Thinking Downturn - Or Up?
May 01, 2008
Case categories include: Strategy & Planning
By Warren Lutz
Alex Dodd (Group 272) sees nothing wrong with the economy – at least on the surface. When he walks down the street from the offices of M Squared Consulting, Inc. in San Francisco, where he serves as president and CEO, the retail stores look full. So do the restaurants. It’s when he talks to business owners that he uncovers the real story: Everywhere he goes, sales are generally down 20 percent.
Among many of today's CEOs, there is growing uncertainty with the economy. Stocks are struggling, while gas prices and the U.S. home foreclosure rates are going through the roof.
American businesses are starting to cut travel budgets, according to member Michael Depatie (Group Q100), CEO and president of San Francisco-based Kimpton Hotels & Restaurants. “We’re starting to feel a little bit of deterioration,” Depatie says, adding the hotel industry generally lags three months behind the rest of the economy. “It’s like we caught the virus but we don’t know when we’re going to get sick.”
There is little Depatie—or any CEO—can do to control general economic trends. But there are plenty of things CEOs can do to offset the impact on their own company. Kimpton is offering “more aggressive” prices and Depatie got his team to help out. “I asked all my senior executives to go back and look at each of their businesses and take ten percent off,” he said.
Planning helps companies navigate through a downturn in the economy. John Rule (Group 108), president and CEO of Applied Aerospace Structures Corp., says funding for aerospace programs and services is being delayed. But AASC, having weathered down times before, continually looks for ways to limit costs and mitigate market risk.
A decision two years ago to self-insure its workers proved to be a money-saver. The company also worked to diversify its products and client base. In the early 1990s, Boeing represented 80 percent of AASC’s business, compared to only 8 percent today. “We will always reduce staff if it becomes necessary,” Rule said. “However, our last layoff was about four years ago. This is pretty good for our business, and I attribute (our) diversification efforts to minimizing layoffs.”
Diversification also helped San Ramon-based Carpenter/Robbins Commercial Real Estate, according to company principal John Carpenter (Group 105). Carpenter/Robbins’ client mix includes customers from both public and private sectors. And the financial health of government-run entities is more stable and often runs “counter-cyclical” to the overall economy. “That stability allows us to respond to more private sector clients when they have needs,” Carpenter said. Because private industry is most heavily impacted by the downturn, he said, “we’re actually staffing up” to help clients in that sector.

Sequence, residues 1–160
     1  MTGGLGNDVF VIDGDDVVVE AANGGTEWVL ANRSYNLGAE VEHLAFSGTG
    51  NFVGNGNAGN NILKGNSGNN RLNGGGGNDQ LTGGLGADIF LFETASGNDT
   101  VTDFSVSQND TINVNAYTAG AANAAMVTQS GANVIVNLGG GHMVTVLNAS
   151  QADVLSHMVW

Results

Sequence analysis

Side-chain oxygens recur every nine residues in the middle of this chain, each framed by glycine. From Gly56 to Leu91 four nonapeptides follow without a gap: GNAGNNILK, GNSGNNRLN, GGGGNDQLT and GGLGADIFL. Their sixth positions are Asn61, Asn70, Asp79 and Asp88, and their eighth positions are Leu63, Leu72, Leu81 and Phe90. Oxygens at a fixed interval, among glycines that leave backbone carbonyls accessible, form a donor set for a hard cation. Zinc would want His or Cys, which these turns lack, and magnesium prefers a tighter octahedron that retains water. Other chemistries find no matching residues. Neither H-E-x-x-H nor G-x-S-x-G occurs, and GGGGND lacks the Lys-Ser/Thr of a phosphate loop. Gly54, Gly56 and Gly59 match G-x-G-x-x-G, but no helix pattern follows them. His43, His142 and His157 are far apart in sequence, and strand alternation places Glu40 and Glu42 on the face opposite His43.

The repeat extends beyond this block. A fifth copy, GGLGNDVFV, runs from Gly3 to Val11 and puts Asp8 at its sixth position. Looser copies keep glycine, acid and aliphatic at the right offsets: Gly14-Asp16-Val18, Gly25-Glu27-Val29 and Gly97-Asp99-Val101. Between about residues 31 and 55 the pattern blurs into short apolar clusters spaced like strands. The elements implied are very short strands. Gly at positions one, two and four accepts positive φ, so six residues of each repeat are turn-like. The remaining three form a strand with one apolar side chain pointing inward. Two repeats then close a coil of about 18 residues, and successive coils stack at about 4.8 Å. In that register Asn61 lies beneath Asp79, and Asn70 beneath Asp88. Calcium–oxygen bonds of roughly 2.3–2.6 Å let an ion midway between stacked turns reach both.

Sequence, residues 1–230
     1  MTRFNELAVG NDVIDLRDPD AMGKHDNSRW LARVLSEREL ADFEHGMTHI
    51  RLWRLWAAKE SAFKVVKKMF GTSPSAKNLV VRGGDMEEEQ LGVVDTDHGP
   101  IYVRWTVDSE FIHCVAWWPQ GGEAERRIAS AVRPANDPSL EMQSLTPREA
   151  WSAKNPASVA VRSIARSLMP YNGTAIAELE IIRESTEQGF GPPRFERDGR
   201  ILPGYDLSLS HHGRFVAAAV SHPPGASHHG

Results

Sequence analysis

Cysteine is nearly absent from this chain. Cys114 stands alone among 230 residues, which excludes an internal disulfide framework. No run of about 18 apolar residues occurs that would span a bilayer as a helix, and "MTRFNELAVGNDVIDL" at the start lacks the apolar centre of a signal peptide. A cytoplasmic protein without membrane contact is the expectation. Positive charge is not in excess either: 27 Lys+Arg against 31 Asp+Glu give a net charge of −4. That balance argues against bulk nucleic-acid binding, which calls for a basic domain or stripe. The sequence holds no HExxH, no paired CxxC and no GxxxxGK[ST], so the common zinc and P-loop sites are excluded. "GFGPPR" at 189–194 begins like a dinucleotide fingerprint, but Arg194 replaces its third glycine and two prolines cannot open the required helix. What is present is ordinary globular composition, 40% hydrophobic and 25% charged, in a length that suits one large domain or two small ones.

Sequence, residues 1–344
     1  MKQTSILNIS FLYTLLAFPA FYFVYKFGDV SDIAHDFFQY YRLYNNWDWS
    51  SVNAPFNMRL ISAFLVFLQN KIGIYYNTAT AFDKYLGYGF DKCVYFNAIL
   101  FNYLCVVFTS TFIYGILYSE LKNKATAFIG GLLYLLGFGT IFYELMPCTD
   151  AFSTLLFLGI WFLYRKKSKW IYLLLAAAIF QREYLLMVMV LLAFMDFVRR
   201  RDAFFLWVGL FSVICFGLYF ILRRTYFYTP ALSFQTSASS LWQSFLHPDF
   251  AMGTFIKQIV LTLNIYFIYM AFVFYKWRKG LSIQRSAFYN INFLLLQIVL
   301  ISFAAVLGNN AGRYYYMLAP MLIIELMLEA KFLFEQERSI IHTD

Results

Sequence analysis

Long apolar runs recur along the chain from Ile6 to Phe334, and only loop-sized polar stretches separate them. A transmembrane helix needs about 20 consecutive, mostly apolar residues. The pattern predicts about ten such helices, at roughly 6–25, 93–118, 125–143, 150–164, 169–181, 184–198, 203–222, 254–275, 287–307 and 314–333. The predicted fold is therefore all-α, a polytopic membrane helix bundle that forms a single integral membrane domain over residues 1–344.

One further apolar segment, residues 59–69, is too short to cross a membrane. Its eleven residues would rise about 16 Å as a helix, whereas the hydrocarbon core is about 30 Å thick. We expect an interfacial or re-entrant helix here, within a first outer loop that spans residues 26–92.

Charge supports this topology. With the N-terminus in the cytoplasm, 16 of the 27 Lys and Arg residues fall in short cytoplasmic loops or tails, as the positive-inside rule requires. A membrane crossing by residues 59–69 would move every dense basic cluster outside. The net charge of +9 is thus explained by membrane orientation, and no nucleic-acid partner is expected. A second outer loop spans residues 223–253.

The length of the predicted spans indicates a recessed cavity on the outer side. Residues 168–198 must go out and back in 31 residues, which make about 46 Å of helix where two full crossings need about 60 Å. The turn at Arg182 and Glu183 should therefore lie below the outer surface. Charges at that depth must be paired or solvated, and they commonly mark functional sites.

Wait a sec. Hiring? With a recession looming?
That’s right. And Carpenter is not alone. In fact, Doug Dolton (Group 271), CEO at peer-to-peer lending company Zopa, is also growing his team. Turns out the credit crunch brought on by last year’s subprime mortgage mess eliminated many of Zopa’s competitors. “It’s nice to be in a position to hire people when other people are letting them go,” Dolton said. “We’re actively recruiting now with that in mind.”
Even companies like Zopa are not cloaked from economic storms. Yet most CEOs interviewed for this story saw just as many opportunities in a challenging economy as they saw obstacles. For example, Kimpton Hotels & Restaurants just acquired $250 million in funding with the intention of buying hotel properties and increasing market share, Depatie said. “We’re in an awfully good position,” Depatie said. “I’m trying to figure out what to wish for here.”
Other companies, such as San Francisco-based electronic direct mail firm Vertical Response, are looking at ways to capitalize on the economy by weaving the business climate into marketing. “We’re looking at opportunities to get in front of small businesses and say, ‘Hey, we have a solution for you in this downturn, and it’s not going to cost you as much money,” said Vertical Response, CEO, president and co-founder, Janine Popick (Group 202).
After seven years of mostly online advertising, Vertical Response is beginning to take its marketing dollars offline. It’s spreading word of its value proposition on buses and even through a street team. “I would never go so far to say we’re recession proof,” Popick said. “There may be a lessening of demand … but we’re not going to stop.”
• Planning ahead eases the impact of an economic downturn on your business.
• A slowdown in the economy often brings opportunities to increase market share.
• If a poor business climate makes your company the best choice in your market, say so!